Blessings over family dinner,  ash the crease between my eyes 

Eggshell blue walls

Symbols on concave plates

Sorrow out-stayed her welcome 

Take your wet bills and muddled sums

Away to the sheltering water

Overhead hawks cool in slipstream

Marveling the fresh note of deep current

Deceptively calm on jade surface

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art, fiction

The Hung-Man’s Bottle Cap

She sat there, social as a dead butterfly, bending beer bottle caps in half.

“Why are you doing that?” I asked.

She paused, ruminated over the words “Miller High Life,” then responded.

“When I can’t do this anymore, I will hang myself.”

“What if you break your fingers?” I said, smirking.

“Then, it will be a loose knot,” she replied, without humor.

I laughed–tried to. I picked up a cap; gave it a squeeze.

“Ouch.” It dropped. We both looked at it, she looked up at me.

I frowned. “I’m not going to hang myself!”

She shrugged, looking rather disappointed.

 

 

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prosetry

Maladapted Modern Martyrs

On the night we first met, you told me that I would be the death of you. I remember we laughed at that even though it wasn’t funny. Lots of people said that, together, we were an accident waiting to happen. We couldn’t have agreed more.

Over the weeks and months we did lots of stupid and brilliant things together. We always had to push it, to exceed the limit, to go one further. We outdid ourselves, just to see what would happen. Anything that previously felt safe or comfortable we inverted, we wanted danger and knowledge and discovery. Everything became an experiment, a question of “How far can we take this?”

For example, we took deliberate drug overdoses for fun to see how much our bodies could take, to see how strong we were, to see how our bodies would recover from abuse, to see if our minds would improve from the experience or deteriorate from the overexposure, so that we could tell everyone,“This is how much Class A you can take and still be a functioning member of society, THIS is how much you can take if you want to get wild for one weekend, and THIS is how much you can take before you permanently forget your own name and believe that the black plastic bag on the floor (which you lovingly pet for hours) is a tabby cat named Greg.”

We’d replicate crimes committed by working-class black males and see how we were treated in comparison, being young white graduates: they’d get 3 years in Scrubs and I’d get a slap on the wrist. We had to commit the crimes to get access to all the people that we wanted to challenge. You try getting a Detective Chief Super on the phone for no real reason other than you want to outsmart him and subvert the corrupt policing system: trust us, you can’t do it. The only way that we could infiltrate CID was to become Criminally Investigable. We had to get in there and create change.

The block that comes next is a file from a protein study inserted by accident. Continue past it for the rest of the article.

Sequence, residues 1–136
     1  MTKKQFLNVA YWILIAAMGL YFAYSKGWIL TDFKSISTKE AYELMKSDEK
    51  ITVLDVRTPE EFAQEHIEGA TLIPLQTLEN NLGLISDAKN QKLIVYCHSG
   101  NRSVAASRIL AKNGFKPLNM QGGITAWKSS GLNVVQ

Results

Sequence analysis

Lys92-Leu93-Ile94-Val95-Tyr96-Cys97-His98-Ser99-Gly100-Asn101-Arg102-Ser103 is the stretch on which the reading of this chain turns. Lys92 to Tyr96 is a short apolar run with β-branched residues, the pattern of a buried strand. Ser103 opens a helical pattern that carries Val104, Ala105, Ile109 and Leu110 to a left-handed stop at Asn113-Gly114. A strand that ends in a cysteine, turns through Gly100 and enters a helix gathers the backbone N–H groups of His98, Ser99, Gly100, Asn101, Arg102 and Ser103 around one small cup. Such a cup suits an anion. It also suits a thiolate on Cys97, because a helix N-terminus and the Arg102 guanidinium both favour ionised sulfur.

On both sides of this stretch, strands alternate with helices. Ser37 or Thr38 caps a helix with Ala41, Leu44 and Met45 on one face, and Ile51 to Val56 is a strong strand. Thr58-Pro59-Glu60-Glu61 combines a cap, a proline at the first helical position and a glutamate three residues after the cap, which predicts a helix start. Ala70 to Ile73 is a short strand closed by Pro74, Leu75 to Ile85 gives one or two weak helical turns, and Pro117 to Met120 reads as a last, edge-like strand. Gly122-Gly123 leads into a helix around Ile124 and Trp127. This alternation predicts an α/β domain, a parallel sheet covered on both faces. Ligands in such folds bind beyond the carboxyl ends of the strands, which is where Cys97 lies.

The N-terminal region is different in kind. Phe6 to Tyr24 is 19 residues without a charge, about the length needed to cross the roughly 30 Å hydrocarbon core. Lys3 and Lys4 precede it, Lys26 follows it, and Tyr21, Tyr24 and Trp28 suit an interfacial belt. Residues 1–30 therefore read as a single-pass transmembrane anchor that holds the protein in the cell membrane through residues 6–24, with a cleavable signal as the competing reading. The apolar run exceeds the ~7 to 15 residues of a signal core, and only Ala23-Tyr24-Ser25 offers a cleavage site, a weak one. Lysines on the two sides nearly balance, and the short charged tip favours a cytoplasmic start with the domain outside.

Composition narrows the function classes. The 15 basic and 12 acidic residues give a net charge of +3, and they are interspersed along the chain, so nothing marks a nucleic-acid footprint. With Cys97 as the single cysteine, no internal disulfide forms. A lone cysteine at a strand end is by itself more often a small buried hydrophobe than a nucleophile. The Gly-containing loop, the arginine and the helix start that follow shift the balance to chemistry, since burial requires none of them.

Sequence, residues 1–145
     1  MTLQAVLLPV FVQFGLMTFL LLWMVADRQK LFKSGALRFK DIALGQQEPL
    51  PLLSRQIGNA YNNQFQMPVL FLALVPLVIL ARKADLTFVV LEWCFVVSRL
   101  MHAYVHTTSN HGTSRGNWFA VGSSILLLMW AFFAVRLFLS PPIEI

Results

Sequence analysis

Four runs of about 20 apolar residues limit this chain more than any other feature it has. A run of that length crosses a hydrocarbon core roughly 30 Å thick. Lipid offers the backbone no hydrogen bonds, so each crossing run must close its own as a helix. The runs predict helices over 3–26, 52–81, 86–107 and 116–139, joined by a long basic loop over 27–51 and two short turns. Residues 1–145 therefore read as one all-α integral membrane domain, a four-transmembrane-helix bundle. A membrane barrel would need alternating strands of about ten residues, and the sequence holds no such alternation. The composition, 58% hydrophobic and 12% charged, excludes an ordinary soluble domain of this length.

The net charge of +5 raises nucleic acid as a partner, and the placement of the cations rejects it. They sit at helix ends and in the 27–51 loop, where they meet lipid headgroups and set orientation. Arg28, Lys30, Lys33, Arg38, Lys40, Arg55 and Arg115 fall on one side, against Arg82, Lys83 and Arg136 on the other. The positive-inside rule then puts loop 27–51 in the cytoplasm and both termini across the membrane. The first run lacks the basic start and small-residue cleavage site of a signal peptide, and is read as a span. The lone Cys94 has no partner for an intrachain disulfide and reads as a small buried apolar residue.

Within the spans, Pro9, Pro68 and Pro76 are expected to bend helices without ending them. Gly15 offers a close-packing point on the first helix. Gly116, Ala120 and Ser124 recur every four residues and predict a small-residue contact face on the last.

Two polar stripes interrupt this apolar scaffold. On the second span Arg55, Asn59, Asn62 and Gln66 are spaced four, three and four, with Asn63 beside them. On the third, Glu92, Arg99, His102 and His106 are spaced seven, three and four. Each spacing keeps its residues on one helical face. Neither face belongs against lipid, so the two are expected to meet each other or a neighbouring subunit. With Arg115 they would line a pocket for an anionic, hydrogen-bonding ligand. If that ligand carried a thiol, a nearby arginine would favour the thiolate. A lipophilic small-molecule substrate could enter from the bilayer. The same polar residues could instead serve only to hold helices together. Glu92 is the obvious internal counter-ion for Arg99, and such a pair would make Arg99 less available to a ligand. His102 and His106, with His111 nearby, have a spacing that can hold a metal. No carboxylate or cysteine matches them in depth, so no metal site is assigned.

We had to attempt various methods of suicide so that we could tell suicidal people that, “THESE METHODS DON’T WORK! DON’T BOTHER! YOU’LL END UP WITH BROKEN ANKLES AND ONE WORKING KIDNEY! AND THE LOCAL MENTAL HEALTH SERVICES WON’T HELP YOU AT ALL AND YOUR FRIENDS WILL ABANDON YOU BECAUSE THEY’RE SCARED OF YOU AND YOU’LL LOSE YOUR JOB! DO IT PROPERLY OR DON’T DO IT AT ALL! THESE WAYS THAT WE’VE TOLD YOU ABOUT DO NOT WORK!!!

We wanted to do all of the bad things that nobody really wants to do so that we could teach people about what actually happens if you do these bad things. We saw ourselves as sort of Maladapted Modern Martyrs. We were doing all of you a favour. And anyway, we were in love.


We didn’t have the money to do all the experiments that we wanted to so a lot of our questions about life went unanswered. After years of trying to teach people about being bad we felt that we had nothing more to give. We had one question left that we could answer but it could only be answered by and for ourselves. The answer would not be shared to wider society but we felt like we’d given out enough truths to not feel guilty about keeping this one to ourselves.

We pitched our tent on the darkest corner of Mulholland Drive. We drank silken brandy straight from that fancy crystal glass decanter, laughing about how silly “bungled burglary” sounds (say it 10 times, fast). The tent felt neither safe nor comfortable and we were happy, cackling as the cars whizzed by, their tires growing ever closer to us, trying to catch the flying grit in our mouths.